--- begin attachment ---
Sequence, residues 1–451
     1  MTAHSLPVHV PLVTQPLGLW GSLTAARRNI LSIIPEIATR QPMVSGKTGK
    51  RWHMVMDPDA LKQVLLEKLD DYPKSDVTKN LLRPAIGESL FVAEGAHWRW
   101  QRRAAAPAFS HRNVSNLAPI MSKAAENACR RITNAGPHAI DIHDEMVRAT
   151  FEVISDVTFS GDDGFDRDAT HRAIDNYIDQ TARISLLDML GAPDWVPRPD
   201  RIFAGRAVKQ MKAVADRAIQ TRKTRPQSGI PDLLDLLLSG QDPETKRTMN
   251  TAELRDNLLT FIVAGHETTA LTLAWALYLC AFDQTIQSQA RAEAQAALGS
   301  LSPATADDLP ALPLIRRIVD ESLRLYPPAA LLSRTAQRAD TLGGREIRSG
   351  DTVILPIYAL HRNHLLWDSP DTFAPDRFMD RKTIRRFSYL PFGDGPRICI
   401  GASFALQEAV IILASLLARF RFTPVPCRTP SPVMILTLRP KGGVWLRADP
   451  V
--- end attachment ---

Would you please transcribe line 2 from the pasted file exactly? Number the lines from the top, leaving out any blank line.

     1  MTAHSLPVHV PLVTQPLGLW GSLTAARRNI LSIIPEIATR QPMVSGKTGK